Page last updated at 11:49 GMT, Monday, 1 February 2010

Ryanair shrinks losses and raises profits forecast

Michael O'Leary pretending to fly on one of his planes
Ryanair's chief, Michael O'Leary, says customers' behaviour is changing

Budget airline Ryanair has raised its full-year profit forecast as passenger numbers continue to rise.

It said it expected full-year net profits of about 275m euros, as it reported a 10.9m-euro ($15.3m; £9.5m) loss in the October-December period.

The loss was much narrower than the 101.5m-euro deficit recorded in the same period in 2008.

Ryanair said the result had been helped by a 37% fall in fuel costs, which had offset a 12% cut in fares.

But although passenger numbers increased by 14%, spending on Ryanair's extras - such as paying for checking in baggage - rose by just 6%.

Ryanair jet takes off

Ryanair chief executive Michael O'Leary said the slower growth in what the airline calls "ancillaries" was due to "changes in consumer behaviour".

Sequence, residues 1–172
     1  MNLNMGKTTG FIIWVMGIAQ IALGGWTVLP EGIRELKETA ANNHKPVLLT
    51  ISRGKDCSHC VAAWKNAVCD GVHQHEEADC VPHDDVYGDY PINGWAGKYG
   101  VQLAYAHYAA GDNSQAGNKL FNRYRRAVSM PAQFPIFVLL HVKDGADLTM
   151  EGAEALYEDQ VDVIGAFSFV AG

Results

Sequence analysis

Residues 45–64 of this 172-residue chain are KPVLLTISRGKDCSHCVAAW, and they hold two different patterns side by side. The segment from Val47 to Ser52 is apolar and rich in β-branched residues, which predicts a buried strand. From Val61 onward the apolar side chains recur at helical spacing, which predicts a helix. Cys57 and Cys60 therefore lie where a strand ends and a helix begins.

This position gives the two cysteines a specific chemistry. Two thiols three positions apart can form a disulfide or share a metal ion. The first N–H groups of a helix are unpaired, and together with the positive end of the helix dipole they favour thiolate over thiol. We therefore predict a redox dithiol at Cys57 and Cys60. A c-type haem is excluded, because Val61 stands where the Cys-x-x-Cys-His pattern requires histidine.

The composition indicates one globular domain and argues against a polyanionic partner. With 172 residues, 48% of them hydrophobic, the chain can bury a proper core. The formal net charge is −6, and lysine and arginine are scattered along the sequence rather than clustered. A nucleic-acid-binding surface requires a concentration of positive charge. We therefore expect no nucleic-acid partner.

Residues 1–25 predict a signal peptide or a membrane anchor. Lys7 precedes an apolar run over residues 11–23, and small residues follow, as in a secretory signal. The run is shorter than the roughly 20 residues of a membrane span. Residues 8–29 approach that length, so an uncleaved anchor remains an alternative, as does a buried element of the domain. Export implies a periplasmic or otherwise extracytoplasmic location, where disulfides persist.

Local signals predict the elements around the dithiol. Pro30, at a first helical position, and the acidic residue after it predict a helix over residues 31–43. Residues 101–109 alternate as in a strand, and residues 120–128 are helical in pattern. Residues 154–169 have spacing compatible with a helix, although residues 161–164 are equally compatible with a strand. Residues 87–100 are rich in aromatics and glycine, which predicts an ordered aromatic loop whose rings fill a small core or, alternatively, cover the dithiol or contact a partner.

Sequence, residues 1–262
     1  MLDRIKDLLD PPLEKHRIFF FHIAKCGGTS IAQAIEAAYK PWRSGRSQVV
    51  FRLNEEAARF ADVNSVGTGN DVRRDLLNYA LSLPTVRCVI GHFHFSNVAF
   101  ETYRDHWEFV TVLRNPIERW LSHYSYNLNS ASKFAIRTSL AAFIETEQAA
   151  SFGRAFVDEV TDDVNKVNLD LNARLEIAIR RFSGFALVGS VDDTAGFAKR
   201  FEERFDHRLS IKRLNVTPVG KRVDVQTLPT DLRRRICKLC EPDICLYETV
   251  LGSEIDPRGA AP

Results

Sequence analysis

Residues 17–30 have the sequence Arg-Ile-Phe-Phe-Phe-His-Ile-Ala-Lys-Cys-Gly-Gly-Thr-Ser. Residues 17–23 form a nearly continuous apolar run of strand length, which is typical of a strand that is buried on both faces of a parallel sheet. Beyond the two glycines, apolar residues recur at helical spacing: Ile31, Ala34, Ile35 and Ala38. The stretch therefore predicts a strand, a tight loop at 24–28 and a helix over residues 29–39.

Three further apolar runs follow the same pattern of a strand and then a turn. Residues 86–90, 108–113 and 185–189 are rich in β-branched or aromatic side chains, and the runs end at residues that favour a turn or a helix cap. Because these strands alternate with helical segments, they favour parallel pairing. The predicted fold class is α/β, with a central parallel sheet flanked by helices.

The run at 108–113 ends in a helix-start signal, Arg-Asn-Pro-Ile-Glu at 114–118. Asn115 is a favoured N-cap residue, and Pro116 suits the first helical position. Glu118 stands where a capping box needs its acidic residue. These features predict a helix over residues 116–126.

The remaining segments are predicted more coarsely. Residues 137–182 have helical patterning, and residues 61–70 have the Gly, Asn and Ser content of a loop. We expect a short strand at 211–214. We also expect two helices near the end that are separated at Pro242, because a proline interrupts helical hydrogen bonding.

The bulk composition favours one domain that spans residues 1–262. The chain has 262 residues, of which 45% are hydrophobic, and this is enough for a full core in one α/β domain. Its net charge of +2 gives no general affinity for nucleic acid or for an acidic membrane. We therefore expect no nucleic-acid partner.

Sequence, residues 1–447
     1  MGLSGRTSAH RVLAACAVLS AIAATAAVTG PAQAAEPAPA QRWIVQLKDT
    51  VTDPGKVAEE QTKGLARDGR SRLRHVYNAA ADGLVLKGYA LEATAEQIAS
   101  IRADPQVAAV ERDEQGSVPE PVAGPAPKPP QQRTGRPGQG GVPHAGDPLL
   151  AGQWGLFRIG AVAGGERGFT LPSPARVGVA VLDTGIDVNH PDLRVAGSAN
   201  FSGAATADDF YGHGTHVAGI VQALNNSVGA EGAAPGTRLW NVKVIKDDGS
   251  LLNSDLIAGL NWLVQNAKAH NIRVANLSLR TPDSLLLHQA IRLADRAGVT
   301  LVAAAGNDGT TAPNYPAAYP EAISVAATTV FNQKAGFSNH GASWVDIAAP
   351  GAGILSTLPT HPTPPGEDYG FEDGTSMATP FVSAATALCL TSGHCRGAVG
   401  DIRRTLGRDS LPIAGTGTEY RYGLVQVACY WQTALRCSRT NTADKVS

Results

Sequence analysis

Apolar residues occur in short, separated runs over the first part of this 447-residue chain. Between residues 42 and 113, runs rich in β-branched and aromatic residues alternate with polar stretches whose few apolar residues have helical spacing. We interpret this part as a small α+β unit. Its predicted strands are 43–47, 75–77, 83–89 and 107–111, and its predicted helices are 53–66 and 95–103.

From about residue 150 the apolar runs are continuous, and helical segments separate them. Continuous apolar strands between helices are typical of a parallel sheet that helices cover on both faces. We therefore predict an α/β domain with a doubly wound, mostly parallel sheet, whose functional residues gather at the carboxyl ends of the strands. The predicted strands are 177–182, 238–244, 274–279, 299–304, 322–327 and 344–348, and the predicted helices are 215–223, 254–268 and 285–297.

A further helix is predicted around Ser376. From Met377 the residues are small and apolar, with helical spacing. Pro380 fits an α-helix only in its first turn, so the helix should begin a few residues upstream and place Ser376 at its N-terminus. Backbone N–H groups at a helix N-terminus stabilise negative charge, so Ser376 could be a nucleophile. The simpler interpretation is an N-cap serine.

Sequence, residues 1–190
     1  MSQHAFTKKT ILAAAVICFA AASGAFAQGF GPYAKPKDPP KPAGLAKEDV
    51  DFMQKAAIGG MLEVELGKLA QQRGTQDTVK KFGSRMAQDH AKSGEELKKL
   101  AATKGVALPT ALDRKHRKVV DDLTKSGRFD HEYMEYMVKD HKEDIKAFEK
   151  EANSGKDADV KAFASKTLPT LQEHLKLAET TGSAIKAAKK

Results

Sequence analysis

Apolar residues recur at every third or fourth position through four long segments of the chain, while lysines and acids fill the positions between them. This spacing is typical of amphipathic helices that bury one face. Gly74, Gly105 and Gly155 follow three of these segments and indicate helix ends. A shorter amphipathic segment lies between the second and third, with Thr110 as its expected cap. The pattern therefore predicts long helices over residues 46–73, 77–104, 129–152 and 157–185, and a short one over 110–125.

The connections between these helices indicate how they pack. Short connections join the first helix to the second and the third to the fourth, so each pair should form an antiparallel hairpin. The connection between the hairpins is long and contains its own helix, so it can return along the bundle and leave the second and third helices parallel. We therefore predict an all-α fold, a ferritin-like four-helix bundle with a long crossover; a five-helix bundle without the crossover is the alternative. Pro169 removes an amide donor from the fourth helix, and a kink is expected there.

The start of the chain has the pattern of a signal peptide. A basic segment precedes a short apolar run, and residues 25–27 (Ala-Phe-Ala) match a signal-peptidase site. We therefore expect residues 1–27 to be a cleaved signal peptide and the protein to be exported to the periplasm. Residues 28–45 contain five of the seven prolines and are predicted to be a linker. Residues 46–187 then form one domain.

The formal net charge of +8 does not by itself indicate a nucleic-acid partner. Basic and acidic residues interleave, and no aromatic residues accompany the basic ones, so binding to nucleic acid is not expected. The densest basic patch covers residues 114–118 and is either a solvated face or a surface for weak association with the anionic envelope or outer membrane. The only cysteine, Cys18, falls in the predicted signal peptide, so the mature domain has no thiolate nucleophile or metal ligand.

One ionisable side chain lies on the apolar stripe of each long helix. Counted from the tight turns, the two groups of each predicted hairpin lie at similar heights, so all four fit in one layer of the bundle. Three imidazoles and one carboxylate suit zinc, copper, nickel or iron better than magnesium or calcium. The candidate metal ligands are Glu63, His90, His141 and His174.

Extra charges

The carrier's new profit forecast compares with its previous estimate of "the lower end of the range of 220m to 300m euros," Ryanair said.

However, despite the higher forecast, the airline warned that market conditions remained difficult.

Even so, the Irish-based airline said it would continue to pick up market share from rivals, and expected to do particularly well in Italy, Scandinavia, Spain and the UK.

The company has been criticised for charging for a raft of extras on top of its basic ticket price.

Last month, the Office of Fair Trading Budget accused Ryanair of being "puerile and childish" over its payment policy, with customers only avoiding fees when they pay for tickets online if they use a Mastercard prepaid card.

In an interview with the BBC, Ryanair chief operating officer Michael Cawley said such criticism was not a concern to the company when it was expanding so fast.

He said it was the fastest-growing airline in Europe - and one of only two in the region that were growing at all.

Mr Cawley added that the fact passenger numbers had risen in the third quarter - and it was expecting another seven million more customers to fly with it in its next full year - spoke for itself.



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